Several companies have pilocarpine-based drops in clinical trials:
>AbbVie/Allergan (AGN-190584).Two phase 3 clinical trials (Gemini I and II) with a total of 750 participants have been completed. No published studies are available but public reports note that primary end points in both studies2,3 were met, with more patients in the treatment group versus the vehicle-controlled group gaining 3 or more lines of mesopic high contrast binocular distance-corrected near visual acuity (DCNVA) at 3 hours over 30 days of bilateral single-dose use.4
Headache, conjunctival hyperemia, blurred vision, and eye pain were each reported by 3% or fewer of the patients treated with AGN-190584. A New Drug Application has been submitted to the FDA and approval is anticipated in late 2021.
>Orasis (CSF-1). A phase 2 study5 with 166 participants was completed in 2019 with reportedly good tolerability of the drop and statistically significant gains of 3 or more lines of DCNVA when dosed twice daily.6 A phase 3 study of 300 participants has recently begun.7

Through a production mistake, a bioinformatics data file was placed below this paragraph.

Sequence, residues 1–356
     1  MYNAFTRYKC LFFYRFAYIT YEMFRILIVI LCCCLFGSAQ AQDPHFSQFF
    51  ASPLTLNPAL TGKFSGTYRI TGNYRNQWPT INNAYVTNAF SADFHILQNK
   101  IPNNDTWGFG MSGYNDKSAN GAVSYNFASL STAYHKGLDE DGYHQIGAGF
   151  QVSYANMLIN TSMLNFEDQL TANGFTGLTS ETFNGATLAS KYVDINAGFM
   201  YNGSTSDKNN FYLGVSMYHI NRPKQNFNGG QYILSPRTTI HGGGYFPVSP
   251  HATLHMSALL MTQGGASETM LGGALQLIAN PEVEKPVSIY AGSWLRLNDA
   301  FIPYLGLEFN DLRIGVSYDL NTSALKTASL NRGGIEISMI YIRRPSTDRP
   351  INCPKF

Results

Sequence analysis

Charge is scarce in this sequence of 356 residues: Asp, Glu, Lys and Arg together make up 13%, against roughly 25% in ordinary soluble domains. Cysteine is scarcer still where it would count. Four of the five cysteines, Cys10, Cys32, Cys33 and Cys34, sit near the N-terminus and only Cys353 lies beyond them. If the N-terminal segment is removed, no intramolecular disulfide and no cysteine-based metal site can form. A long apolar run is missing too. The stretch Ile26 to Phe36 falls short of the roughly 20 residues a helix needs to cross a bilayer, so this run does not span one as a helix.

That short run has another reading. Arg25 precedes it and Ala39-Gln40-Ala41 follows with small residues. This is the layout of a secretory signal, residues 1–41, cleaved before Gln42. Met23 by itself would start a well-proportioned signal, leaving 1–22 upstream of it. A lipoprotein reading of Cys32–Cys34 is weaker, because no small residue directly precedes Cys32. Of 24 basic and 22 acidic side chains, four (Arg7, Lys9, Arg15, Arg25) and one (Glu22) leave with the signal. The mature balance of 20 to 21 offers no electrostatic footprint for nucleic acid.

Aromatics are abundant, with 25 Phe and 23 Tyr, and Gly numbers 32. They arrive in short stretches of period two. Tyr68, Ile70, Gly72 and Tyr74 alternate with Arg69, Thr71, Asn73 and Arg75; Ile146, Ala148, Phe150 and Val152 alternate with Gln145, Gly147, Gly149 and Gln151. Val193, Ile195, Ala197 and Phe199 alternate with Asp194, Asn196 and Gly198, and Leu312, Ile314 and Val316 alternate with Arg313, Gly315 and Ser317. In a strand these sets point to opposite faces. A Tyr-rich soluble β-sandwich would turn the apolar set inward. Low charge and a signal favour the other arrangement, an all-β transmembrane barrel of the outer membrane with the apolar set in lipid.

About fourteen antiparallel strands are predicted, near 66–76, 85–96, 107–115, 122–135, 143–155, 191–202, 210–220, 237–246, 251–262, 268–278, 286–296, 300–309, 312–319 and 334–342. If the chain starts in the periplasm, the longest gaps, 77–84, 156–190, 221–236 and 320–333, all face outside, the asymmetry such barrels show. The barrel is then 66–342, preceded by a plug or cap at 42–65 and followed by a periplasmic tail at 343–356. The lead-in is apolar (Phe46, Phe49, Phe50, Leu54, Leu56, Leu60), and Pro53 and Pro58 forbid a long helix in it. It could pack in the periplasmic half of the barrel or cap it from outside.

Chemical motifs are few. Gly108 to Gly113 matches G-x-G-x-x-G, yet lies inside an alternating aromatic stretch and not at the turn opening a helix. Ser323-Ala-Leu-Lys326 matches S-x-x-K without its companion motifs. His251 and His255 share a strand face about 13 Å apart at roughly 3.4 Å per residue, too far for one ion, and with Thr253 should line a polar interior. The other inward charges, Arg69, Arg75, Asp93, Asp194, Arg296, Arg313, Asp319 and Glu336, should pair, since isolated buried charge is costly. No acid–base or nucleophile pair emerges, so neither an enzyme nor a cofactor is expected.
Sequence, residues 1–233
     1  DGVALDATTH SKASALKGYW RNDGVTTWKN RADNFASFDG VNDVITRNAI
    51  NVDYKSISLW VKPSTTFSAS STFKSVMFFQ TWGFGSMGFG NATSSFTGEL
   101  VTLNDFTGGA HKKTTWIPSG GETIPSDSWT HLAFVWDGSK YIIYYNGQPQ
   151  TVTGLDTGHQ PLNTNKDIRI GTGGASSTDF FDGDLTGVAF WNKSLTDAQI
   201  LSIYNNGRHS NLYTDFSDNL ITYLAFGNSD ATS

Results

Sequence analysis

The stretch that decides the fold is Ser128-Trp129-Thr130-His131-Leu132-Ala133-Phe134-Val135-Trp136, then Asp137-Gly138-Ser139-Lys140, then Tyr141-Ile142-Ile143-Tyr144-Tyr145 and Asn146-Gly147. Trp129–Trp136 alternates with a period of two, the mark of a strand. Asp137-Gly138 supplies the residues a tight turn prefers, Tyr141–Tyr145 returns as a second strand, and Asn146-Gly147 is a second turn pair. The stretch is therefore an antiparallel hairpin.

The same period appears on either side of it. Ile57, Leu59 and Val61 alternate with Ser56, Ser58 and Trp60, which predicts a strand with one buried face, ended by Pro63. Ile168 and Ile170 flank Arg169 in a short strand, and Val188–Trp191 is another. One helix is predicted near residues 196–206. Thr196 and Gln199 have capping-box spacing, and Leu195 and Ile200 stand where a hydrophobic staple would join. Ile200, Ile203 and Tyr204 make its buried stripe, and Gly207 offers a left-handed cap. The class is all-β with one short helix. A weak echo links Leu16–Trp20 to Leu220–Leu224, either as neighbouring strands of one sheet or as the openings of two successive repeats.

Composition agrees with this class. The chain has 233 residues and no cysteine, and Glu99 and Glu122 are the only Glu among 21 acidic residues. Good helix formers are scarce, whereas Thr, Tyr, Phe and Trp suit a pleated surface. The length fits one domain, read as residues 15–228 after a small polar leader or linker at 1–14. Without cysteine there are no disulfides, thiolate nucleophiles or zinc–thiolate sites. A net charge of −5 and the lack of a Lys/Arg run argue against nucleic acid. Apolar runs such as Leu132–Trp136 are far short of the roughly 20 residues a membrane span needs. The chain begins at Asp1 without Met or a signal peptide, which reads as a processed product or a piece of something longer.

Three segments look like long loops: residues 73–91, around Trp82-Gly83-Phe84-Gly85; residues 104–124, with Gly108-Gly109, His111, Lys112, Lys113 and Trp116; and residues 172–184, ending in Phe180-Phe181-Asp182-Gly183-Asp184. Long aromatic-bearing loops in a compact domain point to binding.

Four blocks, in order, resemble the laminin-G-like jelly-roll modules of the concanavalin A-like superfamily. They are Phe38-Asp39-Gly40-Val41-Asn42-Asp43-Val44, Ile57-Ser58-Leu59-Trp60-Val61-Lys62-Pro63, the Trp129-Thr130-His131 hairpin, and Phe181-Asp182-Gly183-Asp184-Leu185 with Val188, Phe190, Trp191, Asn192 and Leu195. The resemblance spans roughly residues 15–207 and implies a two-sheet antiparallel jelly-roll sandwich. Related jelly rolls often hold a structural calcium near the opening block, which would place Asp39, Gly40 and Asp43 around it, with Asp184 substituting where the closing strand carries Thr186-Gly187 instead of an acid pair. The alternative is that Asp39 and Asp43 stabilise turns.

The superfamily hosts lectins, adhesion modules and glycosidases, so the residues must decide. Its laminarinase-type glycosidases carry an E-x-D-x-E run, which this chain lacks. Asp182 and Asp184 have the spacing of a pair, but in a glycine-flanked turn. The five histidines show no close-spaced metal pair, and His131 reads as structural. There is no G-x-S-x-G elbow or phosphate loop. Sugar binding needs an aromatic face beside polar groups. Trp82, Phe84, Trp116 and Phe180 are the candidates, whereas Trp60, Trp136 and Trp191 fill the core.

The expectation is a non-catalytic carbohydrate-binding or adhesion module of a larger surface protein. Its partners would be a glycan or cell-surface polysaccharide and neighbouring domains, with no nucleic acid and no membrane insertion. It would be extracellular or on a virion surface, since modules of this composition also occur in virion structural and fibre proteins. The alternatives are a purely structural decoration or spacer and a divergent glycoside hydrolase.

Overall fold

>Eyenovia/B+L (MicroLine). This company has a novel microdose dispenser (Optejet) that sprays the drug at the eye. A phase 3 trial in which 84 participants’ DCNVA will be tested 2 hours after dosing with 1% or 2% pilocarpine is underway.8
Pilocarpine + phentolamine
Ocuphire Pharma is evaluating a kit that combines a weak but long-acting evening dose of the nonselective α-1/α-2 adrenergic antagonist phentolamine 0.75% with a morning dose of pilocarpine 0.4%.
Synergistically activating the iris sphincter muscle while inhibiting the iris dilator muscle allows for lower concentrations of the active ingredients and may reduce the likelihood of adverse reactions.